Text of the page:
Survey Data

Reg No

31305801


Rating

Regional


Categories of Special Interest

Architectural Artistic Historical Social Technical


Original Use

Church/chapel


In Use As

Church/chapel


Date

1835 - 1840


Coordinates

105350, 299823


Date Recorded

25/11/2010


Date Updated

--/--/--


Description

Detached six-bay double-height single-cell Catholic church, built 1838, on a rectangular plan. Renovated, ----, with sanctuary reordered. Pitched slate roof with clay ridge tiles, and replacement uPVC rainwater goods on eaves boards retaining cast-iron downpipes. Roughcast walls on rendered plinth. Lancet window openings, rendered surrounds with hood mouldings on ogee-detailed labels stops framing storm glazing over fixed-pane fittings having stained glass margins centred on stained glass roundels. Lancet "Trinity Window" (west), rendered surrounds with hood mouldings on ogee-detailed label stops framing storm glazing over fixed-pane fittings having leaded stained glass panels. Full-height interior open into roof with cruciform-detailed drag edged dragged cut-limestone baptismal font on an octagonal plan (east), carpeted central aisle between cruciform-detailed timber pews, stations between stained glass windows, carpeted stepped dais to sanctuary (west) reordered, ----, with replacement timber altar below stained glass "Trinity Window" (----), and exposed arch braced strutted collared timber roof construction on thumbnail beaded corbels with wind braced ceiling. Set in landscaped grounds with repointed sandstone ashlar piers to perimeter having lichen-covered cut-limestone shallow pyramidal capping supporting flat iron double gates.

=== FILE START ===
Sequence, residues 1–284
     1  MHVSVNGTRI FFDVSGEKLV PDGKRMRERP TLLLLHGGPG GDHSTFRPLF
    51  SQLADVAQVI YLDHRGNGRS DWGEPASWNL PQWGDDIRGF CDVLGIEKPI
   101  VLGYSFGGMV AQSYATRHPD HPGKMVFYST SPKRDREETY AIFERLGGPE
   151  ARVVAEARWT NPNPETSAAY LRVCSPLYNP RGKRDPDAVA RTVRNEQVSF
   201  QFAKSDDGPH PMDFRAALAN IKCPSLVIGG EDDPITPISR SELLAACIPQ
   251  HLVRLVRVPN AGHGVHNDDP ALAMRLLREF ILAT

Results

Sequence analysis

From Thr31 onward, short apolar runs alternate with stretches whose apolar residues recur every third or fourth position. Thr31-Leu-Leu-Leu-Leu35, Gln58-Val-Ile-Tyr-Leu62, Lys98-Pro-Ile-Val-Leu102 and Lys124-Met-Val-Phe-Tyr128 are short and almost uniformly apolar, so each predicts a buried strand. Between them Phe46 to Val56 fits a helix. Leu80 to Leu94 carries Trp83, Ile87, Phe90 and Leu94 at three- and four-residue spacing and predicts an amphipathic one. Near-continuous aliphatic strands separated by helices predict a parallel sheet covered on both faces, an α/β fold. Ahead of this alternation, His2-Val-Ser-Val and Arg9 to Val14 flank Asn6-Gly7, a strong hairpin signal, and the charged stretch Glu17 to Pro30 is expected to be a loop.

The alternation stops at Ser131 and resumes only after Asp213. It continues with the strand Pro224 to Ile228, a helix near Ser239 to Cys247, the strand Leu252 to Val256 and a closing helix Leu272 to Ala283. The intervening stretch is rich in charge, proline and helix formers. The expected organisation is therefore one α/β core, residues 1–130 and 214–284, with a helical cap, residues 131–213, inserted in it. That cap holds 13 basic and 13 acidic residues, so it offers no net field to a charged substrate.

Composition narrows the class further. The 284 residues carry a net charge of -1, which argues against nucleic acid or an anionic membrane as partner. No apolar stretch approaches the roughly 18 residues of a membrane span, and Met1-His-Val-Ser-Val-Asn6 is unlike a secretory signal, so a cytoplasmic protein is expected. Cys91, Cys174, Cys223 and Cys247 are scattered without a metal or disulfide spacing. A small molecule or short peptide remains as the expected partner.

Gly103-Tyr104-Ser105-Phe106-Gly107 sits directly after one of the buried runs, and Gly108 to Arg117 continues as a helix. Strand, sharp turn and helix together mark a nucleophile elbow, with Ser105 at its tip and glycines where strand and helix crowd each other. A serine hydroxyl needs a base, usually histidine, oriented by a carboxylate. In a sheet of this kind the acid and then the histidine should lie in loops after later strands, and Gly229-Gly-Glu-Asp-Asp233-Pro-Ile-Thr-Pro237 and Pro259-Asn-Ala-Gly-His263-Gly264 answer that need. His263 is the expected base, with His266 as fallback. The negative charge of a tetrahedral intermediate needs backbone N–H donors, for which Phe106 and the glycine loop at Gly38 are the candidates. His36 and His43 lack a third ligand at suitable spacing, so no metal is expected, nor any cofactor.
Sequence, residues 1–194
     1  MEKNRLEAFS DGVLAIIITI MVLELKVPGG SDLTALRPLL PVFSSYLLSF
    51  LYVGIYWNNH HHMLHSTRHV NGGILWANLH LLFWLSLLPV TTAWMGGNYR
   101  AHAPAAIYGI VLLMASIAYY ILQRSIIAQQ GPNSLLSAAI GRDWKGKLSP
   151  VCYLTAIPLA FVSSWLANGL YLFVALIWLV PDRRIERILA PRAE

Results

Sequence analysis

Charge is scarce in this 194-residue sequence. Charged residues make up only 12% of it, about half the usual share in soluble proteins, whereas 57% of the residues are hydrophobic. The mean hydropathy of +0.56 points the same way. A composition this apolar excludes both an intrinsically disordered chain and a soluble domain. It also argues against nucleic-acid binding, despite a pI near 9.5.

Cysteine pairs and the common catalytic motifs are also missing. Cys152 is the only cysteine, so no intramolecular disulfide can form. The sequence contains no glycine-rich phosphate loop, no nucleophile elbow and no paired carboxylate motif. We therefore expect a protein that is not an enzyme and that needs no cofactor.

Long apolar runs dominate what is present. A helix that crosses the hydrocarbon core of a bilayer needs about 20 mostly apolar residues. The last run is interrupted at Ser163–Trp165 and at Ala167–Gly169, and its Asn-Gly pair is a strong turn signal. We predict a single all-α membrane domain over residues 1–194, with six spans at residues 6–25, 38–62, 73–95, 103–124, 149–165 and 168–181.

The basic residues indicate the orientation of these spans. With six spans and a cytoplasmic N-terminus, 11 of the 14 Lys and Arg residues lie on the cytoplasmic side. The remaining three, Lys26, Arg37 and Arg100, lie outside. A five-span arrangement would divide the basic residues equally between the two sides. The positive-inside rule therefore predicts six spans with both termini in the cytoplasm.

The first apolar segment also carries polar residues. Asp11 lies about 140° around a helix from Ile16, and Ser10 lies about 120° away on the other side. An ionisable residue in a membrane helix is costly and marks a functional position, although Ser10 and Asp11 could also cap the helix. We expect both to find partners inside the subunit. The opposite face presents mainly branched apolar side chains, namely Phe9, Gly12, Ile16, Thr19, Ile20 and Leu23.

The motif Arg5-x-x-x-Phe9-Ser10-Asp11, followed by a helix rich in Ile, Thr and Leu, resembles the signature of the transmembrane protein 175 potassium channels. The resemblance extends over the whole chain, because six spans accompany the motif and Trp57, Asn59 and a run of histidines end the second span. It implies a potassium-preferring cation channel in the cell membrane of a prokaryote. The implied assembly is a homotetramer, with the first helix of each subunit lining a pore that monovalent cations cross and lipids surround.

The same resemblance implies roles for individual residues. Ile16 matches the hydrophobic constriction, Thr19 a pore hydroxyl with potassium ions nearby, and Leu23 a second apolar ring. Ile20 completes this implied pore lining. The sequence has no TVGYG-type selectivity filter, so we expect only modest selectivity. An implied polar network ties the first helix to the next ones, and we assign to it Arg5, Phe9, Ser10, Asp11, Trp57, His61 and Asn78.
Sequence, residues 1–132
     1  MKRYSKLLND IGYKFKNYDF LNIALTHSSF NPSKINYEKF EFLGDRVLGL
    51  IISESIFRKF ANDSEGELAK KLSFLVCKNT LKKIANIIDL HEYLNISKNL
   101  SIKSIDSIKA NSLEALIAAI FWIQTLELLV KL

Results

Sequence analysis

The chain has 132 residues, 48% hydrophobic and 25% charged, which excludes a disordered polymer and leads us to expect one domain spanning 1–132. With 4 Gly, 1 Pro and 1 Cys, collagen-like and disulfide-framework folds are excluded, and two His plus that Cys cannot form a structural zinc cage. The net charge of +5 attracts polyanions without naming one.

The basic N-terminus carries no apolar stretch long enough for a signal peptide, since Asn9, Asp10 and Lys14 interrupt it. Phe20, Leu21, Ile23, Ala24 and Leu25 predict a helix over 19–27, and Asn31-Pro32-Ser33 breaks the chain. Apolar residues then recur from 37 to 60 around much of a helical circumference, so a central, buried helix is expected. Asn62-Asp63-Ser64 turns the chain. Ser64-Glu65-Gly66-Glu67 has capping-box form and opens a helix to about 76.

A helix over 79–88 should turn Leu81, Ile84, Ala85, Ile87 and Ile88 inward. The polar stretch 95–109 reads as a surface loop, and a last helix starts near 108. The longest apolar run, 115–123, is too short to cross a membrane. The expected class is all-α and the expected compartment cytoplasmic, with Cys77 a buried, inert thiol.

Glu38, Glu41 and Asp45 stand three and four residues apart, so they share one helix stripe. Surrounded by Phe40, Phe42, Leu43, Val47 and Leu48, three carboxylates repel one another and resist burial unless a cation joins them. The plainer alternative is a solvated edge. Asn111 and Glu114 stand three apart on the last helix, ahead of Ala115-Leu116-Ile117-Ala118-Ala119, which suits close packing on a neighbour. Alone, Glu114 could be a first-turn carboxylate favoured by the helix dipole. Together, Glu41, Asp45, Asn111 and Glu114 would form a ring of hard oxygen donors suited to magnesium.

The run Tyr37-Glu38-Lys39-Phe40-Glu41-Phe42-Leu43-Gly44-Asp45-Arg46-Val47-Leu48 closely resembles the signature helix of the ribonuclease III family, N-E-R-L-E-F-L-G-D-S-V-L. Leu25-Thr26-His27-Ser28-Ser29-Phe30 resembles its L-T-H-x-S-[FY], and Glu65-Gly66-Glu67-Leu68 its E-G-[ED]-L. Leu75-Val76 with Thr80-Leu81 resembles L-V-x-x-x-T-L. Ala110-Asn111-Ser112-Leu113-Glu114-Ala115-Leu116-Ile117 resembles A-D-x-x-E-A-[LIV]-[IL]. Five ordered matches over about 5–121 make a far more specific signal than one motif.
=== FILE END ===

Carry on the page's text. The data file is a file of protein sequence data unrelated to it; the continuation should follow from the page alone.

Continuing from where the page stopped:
Appraisal

A church erected under the aegis of Reverend John Hopkins PP (fl. 1837-9) representing an important component of the early nineteenth-century ecclesiastical heritage of County Mayo with the architectural value of the composition, one showing the hallmarks of a period of construction in the immediate aftermath of the Roman Catholic Relief Act, 1829, suggested by such attributes as the rectilinear "barn" plan form, aligned along an inverted liturgically-correct axis; and the slender profile of the openings underpinning a "medieval" Georgian Gothic theme with the chancel defined by an elegant "Trinity Window". Having been well maintained, the elementary form and massing survive intact together with quantities of the historic fabric, both to the exterior and to the restrained interior reordered (----) in accordance with the liturgical reforms sanctioned by the Second Ecumenical Council of the Vatican (1962-5) where an exposed timber roof construction pinpoints the engineering or technical dexterity of a church making a pleasing visual statement in a sylvan setting.